1. Not having a realistic marketing budget: You know that diamond advertisement/commercial  that tells people that a engagement ring should be 3 months salary?  The one that the DIAMOND industry came up with? Your marketing budget should be in proportion with your INCOME.  And yes, conventional wisdom will tell you that 10% of your income is right and proper for marketing.  But that means nothing if your income is 10K and you need 20K to pay your bills.   That percentage comes AFTER you are profitable, not before. Before you are profitable, you get out there and hustle your ass off to promote yourself in ways that don’t take money off your table.

2. Offering products and services that you think you should  because someone else has done well with it:  This is huge with photographers and we’ve both been guilty of this. You go to seminar and you get revved up.   The beach portrait buisness (Charo), the Boudoir sessions (Kim) that were something we saw someone else do (Damn you and your accent, Sue Bryce)  and thought “Hey, I could do that”  and quickly found out that A.  We hated doing them and B. We were really not very good at them.  It’s find to dabble in other areas of photography to see if you are interested, but please…please don’t make a big showy launch until you have spent some time really exploring the craft and you know you want to pursue it.

3. Thinking that paying for advertising is marketing: “I gave The Knot 2K and I never got a single inquiry!”.   Truth: we all advertise with a dud now and again. But the more often  the truth is you didn’t do your homework on who you were paying. You seriously thought spending big money would mean big clients. It doesn’t, and welcome to one of the most expensive lessons you will ever learn in your business.

4.  Ignoring SEO: It makes a difference.  I hate it, you hate it , we all hate it. I hate it like those timed multiplication tables in third grade that have scarred me for life.  But the truth is, it is important.  So you have two choices: learn it, or pay someone to do it for you.  Even the most rudimentary amount makes a difference. It’s boring monkey work, but it’s an important part of workflow. You need to stop ignoring it. Period.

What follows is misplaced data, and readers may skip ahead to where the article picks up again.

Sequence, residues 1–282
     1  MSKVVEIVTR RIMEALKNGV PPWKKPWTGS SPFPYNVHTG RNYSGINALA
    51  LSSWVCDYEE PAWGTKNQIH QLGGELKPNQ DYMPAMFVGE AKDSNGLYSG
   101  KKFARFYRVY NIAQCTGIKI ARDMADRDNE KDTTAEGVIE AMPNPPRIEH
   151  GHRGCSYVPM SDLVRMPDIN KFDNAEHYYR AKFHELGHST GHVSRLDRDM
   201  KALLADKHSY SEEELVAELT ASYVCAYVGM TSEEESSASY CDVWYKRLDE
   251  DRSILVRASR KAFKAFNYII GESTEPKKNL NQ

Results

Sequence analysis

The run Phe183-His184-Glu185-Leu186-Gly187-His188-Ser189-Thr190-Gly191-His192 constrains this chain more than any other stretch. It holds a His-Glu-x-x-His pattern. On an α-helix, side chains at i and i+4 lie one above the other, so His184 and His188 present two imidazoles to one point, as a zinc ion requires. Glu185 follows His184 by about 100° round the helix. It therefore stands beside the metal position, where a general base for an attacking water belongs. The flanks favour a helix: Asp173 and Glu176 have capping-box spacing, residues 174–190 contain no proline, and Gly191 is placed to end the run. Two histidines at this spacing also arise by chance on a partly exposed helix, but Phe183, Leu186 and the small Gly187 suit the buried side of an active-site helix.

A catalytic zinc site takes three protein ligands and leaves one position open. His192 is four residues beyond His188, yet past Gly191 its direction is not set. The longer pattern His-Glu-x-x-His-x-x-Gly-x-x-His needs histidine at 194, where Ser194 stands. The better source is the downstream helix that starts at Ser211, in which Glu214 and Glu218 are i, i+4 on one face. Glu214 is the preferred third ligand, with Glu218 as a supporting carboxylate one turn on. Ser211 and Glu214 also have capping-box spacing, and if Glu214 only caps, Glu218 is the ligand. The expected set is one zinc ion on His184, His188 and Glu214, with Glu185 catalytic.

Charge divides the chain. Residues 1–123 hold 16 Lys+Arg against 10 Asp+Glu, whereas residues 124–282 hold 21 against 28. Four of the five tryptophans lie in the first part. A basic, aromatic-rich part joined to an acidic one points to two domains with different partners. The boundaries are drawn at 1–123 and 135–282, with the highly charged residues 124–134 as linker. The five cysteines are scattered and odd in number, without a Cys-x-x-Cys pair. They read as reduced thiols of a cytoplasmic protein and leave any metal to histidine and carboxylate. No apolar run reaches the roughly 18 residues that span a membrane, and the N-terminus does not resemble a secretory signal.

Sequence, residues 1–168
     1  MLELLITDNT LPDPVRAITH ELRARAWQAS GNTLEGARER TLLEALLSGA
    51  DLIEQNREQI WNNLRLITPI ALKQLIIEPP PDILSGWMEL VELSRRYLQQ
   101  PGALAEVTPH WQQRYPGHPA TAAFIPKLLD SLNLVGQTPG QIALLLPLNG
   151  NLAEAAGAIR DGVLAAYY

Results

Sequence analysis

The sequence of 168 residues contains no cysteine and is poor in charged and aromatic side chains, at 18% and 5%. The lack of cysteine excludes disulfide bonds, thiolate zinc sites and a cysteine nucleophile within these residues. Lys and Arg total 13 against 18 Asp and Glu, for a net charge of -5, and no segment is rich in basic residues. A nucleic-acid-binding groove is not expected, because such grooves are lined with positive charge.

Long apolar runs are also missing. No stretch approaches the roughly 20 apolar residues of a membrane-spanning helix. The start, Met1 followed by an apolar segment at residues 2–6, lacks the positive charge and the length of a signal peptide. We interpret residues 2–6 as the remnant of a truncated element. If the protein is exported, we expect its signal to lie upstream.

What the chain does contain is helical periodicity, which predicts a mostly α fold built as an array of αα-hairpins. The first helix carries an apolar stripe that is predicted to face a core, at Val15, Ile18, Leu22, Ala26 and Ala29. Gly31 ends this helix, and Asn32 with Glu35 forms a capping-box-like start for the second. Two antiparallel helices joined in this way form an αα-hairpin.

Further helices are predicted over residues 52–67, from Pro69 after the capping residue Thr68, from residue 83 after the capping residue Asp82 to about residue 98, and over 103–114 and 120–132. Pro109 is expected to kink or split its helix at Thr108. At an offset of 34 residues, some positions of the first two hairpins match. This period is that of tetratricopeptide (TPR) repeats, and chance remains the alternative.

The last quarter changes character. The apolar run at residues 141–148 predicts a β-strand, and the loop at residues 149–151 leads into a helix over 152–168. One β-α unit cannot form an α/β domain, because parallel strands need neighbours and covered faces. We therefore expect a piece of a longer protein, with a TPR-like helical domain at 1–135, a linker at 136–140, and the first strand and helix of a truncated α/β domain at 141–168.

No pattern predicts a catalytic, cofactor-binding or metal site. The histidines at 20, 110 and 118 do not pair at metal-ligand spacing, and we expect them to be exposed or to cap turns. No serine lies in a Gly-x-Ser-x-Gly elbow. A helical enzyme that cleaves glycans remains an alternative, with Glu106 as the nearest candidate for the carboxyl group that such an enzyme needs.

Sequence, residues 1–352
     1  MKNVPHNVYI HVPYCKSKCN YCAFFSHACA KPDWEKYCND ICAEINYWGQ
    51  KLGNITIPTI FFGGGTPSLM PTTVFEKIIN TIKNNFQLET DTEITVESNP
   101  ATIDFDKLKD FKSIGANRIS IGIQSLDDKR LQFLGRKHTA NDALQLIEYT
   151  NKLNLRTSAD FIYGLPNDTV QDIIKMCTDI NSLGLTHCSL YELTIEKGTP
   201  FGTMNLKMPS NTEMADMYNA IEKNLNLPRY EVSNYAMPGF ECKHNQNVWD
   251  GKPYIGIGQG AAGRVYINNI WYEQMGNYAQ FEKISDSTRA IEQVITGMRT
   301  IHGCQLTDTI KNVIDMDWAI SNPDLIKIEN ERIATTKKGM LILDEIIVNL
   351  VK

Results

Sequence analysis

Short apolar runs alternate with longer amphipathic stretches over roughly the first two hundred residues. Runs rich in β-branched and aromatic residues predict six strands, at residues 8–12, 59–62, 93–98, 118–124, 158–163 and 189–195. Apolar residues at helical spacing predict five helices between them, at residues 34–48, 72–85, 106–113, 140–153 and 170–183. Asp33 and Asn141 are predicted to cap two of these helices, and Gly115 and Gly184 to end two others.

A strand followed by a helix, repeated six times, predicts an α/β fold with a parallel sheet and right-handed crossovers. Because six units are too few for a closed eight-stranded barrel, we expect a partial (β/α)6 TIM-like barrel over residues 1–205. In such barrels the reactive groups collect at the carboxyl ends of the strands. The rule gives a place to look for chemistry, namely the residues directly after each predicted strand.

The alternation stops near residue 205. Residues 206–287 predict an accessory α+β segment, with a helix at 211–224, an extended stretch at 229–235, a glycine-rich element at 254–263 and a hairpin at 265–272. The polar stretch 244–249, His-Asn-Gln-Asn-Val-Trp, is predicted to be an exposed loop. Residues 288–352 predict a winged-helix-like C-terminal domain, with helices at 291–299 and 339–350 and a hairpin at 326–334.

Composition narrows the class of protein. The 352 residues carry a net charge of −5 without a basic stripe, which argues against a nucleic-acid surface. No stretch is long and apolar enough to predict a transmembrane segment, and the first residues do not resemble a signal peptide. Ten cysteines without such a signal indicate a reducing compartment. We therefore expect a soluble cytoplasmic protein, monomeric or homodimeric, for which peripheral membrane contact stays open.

5. We had to make peace with the fact that it wasn’t all about the photos:  Yes, people do hire your for your work, but mostly….they hire you  for the experience that they want to have.  The feelings  your photos will evoke.  If you are a creepy jerk, it does not matter how beautiful your photos are, because all they will see when they look at those beautiful photos is what a creepy jerk they worked with.

Now let’s be clear, we all need a little woo woo.  I like my woo woo in the form of pedicures, massages, photos of bunnies on the internet and vodka.   Charo is way less girly than me and likes geeky things like…I don’t know because it’s  geeky and there are games and things that bore me when she talks about them  and she prefers whiskey.  She can’t think of anything worse than a pedicure than maybe…maybe a tickle fight, and lip gloss.  But she’ll woo woo all day over some band that I have never heard of and a craft IPA.  We all have our escapes, right?

Stay tuned for the next post where we talk about the things that (shockingly) we have done right over the years marketing.

And it bears mentioning, if you need a serious kick in your ass about marketing, you need to check out Marketog. It’s all the marketing stuff you ever needed to know and it’s…intense.  There is nothing woo woo about this course, and it’s not for everyone, that is for sure. Want to check out a sample lesson to see if you can handle the truth?